California and more than 300 other jurisdictions are suing over a recent Justice Department threat to pull tens of billions of dollars of federal funding from “sanctuary cities” for allegedly harboring illegal aliens by refusing to honor so-called detainer requests, and otherwise not cooperating – allegedly illegally – with federal efforts to enforce immigration laws.
But this latest attempt by the Justice Department to pressure so-called sanctuary cities to cooperate in immigration enforcement efforts seems to be a largely empty or at least an exaggerated threat, and probably illegal, says public interest law professor John Banzhaf.
Banzhaf notes that a federal judge has already issued an order, recently reaffirmed, blocking President Donald Trump’s executive order stripping Santa Clara County and other so-called “sanctuary jurisdictions” of federal funding.
Notwithstanding suggestions to the contrary, no federal law requires – nor can federal law constitutionally require – cities to assist the federal government in enforcing immigration law.
More specifically, federal law does not require cities to honor so-called detainer requests from federal immigration authorities, he notes.
Despite many complaints from the administration that sanctuary cities are not honoring detainer requests by ICE, its own report has conceded that such cooperation is not required, and that failure to honor detainer requests cannot provide grounds for withholding federal funds. Thus it has stated:
“Section 1373 does not specifically address restrictions by state or local entities on cooperation with ICE regarding detainers. A legal determination has been made . . . that civil immigration detainers are voluntary requests. The ICE officials with whom we spoke stated that since the detainers are considered to be voluntary, they are not enforceable against jurisdictions which do not comply” [emphasis added].
Indeed, notes Banzhaf, the only requirement applicable federal law imposes, under 8 U.S.C. 1373, is that state and local officials not prohibit or restrict employees from providing “information regarding citizenship or immigration status.”
But since sanctuary cities usually simply have police never question people about their status, officials would have no citizenship and/or immigrant status information available to share which would be restricted, so there would be no violation, and the threat appears to be largely an empty one.
In any event, the entire program, beginning with President Trump’s executive order stating that funds should be cut off to so-called sanctuary cities – if it is interpreted as many believe – may be an unconstitutional violation of both states’ rights and Congress’ rights,, suggests Banzhaf.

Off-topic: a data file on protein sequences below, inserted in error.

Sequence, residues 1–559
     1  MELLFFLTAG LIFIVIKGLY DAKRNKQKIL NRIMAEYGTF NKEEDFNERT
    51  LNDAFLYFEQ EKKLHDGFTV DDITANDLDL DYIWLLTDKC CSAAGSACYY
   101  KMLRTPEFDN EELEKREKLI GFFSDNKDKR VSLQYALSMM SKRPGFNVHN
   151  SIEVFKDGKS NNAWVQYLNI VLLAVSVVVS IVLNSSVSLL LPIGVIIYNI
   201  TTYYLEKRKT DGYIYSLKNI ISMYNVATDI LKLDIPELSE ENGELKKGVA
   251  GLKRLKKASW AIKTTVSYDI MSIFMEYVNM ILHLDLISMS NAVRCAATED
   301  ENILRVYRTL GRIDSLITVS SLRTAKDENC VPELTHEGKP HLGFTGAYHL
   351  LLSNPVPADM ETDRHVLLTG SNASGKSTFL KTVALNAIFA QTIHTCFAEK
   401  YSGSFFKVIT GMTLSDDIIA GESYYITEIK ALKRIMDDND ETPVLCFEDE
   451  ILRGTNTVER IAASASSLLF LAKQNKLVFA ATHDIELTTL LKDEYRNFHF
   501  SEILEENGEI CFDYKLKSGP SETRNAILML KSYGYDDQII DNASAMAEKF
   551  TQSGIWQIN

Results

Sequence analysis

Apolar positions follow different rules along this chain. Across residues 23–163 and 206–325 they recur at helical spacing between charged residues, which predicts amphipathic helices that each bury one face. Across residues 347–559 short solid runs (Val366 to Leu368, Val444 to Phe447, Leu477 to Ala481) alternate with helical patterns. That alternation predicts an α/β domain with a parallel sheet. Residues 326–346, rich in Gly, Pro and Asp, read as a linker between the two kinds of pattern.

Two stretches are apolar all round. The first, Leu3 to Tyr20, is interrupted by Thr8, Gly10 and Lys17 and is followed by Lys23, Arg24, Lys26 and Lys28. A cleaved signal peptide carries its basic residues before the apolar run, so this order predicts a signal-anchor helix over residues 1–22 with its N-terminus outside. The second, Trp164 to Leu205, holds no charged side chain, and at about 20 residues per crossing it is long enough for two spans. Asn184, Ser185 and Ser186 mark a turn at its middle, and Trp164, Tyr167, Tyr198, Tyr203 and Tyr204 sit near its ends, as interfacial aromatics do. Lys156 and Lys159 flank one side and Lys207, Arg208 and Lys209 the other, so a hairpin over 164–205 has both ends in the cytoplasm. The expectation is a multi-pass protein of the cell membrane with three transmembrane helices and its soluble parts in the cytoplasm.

If, as some fear, the order would threaten funding for cities which claim sanctuary status because they tell police not to question people about their immigration status, and don’t honor detainer requests to hold people in jail for immigration purposes, it may be unconstitutional on several grounds.
First, it arguably violates the long-standing principle that the federal government cannot, consistent with the Tenth Amendment, “commandeer” local officials to enforce federal law.
This principle dates back at least to a 1842 Supreme Court decision striking down a requirement that states assist federal officials to capture runaway slaves.
It was also reinvigorated in a 2012 ruling that states could not be required to expand Medicaid programs under threat of a loss of federal funds – the same coercive method employed in Trump’s order – except where the threat was one mandated by Congress and signed into law, not a mere presidential order.
Second, the Court has said that conditions may not be imposed on federal grants unless they are “unambiguously” stated in the statute’s text “so that the States can knowingly decide whether or not to accept those funds.” Few if any existing grants have explicit conditions related to providing sanctuary.
Moreover, the conditions, if any, seemingly have to be passed by Congress.
Allowing a president to cut off funds based solely upon his own whims, without any congressional approval, could create a very dangerous precedent undercutting Congress’ own authority (under separation of powers) as well as federalism (upholding states’ rights).
For example, it could permit a Democratic president to force states to do what a Republican dominated House and Senate might oppose, or visa versa.
Moreover, since the order provides for funds to be cut off only to “jurisdictions that willfully refuse to comply with 8 U.S.C. 1373,” it’s not clear if it would even apply to most sanctuary cities since they do not prohibit, much less “willfully prohibit,” employees from providing immigration information.